Today’s blog was prepared for the Internet Advisors show on WJR 760AM and on the Michigan Radio Network. You can access podcasts from the media section of our site with content from Emily A. Hay, the show’s Social Media Contributor.
The Michigan Council of Women in Technology (MCWT) is the premier association for professional women within Michigan’s technology community. This group, with an impressive roster of managing and advisory board members, strongly supports Michigan and its technology-oriented women and its future industry leaders.
MCWT recently hosted two “Camp Infinity” programs; a one-week summer technology camp for 9-13 year old girls created by the MCWT Foundation. According to their website, the camp addresses the primary reasons girls lose interest in technology – confidence, social relevance, and social (peer) acceptance.
Some facts from the MCWT site about why they run Camp Infinity:
- Women are 20% of the IT workforce, from nearly 50% in 1982
- Need for 750,000 new IT/CS workers in the US by 2015
- Graduating 40,000 per year, approximately 5% are women
- Girls are tech-savvy, confident technology users
- Not interested in pursuing a technical career
- Data shows that elementary girls are interested and competitive in STEM (math), but the majority lose interest before high school.
As the founder of a social media start-up, with an all-female team, I’m encouraged by the role social technology plays in addressing reasons girls lose interest in tech (i.e. confidence, social relevance, and social (peer) acceptance). Our smartphone loving team doesn’t write code or develop apps; we don’t “game” or consider ourselves IT people. We put social technology to use to foster relationships and facilitate communities of like-minded people on a personal and professional level.
It’s time to encourage and nurture tech-savvy tween girls through social technology.
With the emergence of social media girls have an “in” in tech starting within the context of social interaction. With kids today being raised in a digital world, offline and online lives blend and today it’s cool to be geeky. In fact “geeky” is old school terminology; now it’s COOL to be “tech-savvy”.
Social media fosters a healthy “if she can do it, I can do it” mentality. A goal can seem unattainable if one can’t envision themselves in that person’s shoes. With more women using social media to develop their own tech skills, expand their personal interests and start businesses, there are more examples for younger girls to relate to and be confident following.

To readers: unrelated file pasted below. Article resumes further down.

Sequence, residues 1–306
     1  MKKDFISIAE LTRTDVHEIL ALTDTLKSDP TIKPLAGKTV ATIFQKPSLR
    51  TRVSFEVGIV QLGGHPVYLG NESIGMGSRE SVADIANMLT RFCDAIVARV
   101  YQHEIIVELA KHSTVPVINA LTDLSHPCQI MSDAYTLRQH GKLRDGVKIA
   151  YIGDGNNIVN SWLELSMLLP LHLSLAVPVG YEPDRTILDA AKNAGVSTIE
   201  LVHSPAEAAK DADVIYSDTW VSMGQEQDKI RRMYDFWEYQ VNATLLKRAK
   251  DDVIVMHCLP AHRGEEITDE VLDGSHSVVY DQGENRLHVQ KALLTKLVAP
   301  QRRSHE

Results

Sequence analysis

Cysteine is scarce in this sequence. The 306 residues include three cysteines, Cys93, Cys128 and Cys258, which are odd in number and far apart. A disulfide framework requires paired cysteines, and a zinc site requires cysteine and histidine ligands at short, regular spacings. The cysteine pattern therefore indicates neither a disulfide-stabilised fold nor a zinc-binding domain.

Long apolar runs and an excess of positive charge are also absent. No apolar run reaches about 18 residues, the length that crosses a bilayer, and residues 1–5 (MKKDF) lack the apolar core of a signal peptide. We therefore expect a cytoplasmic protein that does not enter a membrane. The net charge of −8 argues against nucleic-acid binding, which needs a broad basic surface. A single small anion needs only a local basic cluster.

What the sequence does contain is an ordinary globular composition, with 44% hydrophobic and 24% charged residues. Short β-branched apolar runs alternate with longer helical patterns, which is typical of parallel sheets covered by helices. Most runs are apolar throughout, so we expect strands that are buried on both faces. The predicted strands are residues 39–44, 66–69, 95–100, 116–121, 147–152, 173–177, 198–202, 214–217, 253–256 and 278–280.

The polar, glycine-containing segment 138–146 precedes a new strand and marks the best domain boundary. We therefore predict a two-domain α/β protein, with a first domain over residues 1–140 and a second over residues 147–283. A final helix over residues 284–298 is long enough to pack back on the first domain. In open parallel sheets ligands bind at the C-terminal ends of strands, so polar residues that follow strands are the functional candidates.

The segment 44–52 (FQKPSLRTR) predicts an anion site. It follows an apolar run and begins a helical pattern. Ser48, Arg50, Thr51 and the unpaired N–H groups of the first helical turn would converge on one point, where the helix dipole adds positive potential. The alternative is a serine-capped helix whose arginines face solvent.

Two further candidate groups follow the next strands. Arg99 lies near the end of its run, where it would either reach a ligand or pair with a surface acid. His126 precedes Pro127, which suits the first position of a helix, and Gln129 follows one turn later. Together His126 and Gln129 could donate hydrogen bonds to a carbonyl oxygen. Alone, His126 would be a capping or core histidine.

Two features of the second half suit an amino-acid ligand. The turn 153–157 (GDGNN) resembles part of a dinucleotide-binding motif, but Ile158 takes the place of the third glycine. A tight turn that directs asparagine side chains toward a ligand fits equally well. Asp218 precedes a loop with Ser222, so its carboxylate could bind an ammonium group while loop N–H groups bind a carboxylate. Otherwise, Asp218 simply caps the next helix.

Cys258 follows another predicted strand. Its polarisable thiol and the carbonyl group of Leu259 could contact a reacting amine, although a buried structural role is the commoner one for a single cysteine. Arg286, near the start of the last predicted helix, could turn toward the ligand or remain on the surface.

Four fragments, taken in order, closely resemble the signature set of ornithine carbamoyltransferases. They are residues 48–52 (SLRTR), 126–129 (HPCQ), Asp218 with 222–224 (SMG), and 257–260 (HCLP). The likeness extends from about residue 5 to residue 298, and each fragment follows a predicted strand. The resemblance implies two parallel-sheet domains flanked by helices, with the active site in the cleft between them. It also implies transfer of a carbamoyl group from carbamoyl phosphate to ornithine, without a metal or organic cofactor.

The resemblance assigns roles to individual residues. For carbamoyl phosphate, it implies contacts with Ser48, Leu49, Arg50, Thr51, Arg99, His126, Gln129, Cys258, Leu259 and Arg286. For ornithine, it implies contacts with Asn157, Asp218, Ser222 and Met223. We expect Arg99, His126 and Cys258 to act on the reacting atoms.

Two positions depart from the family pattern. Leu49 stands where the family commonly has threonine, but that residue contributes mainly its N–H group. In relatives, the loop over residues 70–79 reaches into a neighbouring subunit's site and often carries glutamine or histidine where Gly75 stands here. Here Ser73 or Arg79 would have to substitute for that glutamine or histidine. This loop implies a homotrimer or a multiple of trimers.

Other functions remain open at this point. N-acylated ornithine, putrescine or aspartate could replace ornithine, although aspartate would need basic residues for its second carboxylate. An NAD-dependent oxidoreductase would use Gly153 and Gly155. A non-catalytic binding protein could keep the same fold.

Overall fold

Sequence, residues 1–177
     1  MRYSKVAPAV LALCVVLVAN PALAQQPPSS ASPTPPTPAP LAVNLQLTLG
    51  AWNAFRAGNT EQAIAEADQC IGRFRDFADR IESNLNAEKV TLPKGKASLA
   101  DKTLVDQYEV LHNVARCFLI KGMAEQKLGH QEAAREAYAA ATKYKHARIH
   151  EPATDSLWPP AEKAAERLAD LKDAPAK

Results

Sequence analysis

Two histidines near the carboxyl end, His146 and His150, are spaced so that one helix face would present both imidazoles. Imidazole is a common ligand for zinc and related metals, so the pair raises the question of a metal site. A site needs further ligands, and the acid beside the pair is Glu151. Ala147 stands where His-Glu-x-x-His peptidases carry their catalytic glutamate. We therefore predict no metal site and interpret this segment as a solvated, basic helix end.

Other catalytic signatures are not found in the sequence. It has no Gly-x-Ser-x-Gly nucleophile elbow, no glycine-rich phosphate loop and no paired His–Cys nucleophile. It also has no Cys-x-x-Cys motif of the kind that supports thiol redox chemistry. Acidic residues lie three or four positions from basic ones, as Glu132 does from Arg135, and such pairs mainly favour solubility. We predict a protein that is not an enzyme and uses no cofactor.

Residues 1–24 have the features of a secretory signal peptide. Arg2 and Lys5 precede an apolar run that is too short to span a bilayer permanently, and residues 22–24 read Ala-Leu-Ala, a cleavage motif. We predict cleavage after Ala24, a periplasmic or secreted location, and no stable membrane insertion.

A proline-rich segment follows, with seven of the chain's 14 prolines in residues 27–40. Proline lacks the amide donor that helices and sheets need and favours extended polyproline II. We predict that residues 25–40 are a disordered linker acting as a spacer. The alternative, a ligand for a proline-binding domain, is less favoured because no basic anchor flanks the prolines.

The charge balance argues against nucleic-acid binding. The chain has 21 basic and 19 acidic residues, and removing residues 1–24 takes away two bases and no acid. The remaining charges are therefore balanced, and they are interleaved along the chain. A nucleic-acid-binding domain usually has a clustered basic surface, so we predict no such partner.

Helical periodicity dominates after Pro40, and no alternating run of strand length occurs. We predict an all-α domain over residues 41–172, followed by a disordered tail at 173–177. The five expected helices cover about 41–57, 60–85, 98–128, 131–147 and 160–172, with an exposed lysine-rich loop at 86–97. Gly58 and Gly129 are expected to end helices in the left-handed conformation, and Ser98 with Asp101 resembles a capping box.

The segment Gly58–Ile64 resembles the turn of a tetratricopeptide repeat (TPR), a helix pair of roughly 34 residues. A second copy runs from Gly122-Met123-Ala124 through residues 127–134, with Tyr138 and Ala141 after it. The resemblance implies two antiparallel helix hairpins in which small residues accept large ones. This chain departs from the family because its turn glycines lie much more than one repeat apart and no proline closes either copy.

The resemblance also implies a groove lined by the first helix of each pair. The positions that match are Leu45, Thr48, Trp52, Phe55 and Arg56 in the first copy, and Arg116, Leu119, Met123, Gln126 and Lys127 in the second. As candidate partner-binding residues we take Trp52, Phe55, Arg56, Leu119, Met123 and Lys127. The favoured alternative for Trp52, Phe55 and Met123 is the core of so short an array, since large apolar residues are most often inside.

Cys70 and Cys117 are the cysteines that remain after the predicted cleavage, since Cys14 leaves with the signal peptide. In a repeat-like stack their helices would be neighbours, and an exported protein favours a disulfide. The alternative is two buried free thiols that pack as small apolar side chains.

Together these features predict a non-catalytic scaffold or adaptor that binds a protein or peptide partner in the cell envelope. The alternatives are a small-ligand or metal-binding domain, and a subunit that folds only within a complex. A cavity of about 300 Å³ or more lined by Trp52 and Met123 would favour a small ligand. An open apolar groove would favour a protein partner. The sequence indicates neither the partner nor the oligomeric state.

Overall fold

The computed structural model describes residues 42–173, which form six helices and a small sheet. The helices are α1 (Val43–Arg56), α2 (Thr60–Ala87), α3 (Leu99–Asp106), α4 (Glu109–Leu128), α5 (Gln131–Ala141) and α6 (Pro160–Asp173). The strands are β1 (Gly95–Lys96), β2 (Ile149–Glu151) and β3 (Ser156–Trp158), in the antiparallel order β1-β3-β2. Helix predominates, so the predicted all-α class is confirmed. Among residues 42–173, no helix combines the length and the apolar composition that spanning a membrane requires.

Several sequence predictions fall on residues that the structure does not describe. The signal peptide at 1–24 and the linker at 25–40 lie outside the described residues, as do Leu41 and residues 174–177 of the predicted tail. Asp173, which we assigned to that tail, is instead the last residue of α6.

Social technology creates and drives business. Companies lay down the cash to connect with their customers through social media and who is a vocal, decision-making demographic? WOMEN ARE! Furthermore, a girl named Tori Molnar started an eCommerce “franchise” business at age 15: http://myutoria.com/ Her mission: “Where Teenage and College Girls Learn about Business and Make Money!” It may be a far-fetched concept to older folks who still think lemonade stands are the only “kid business” opportunities. But in this digital world, young ladies generating commerce from behind the screens of their smartphones are viewed as leaders and innovators.
HR, sales and marketing are other departments impacted by social technology today. Think of the advantage a young woman has today coming out of college with years of social networking experience. Executives in any industry will need to know social media in order to stay competitive and women can take the lead here.
Following, sharing, retweeting (RTing) – women in social media world seem to have each other’s back. Many other fields and traditional work environments, on the other hand, have been known to not foster that kind of acceptance and support. Social media enables women to raise our voices and collaborate on ideas and take action together.
Women today develop diverse and lasting friendships through the wide use of social networking sites like Facebook, Twitter, Pinterest, blogs and YouTube. Social media has no geographical boundary and it removes feelings of isolation and enables a community of individuals to grow and thrive among very public support.
Personally, I am very passionate about social media as a perfect launch pad to propel women back into technology-related jobs. I could never have envisioned starting a “tech” company if we were speaking in terms of bits, protocols, writing code and fixing viruses. But social media has given women a productive path to develop our technology skills in way that fits our interests and talents.
Kudos to organizations from the Michigan Council of Women in Technology to Girl Scouts who foster and encourage this kind of technology-based learning today that can have lasting positive effects for girls tomorrow! Our own team of tech-savvy women is excited to contribute to this shift.
~Emily A. Hay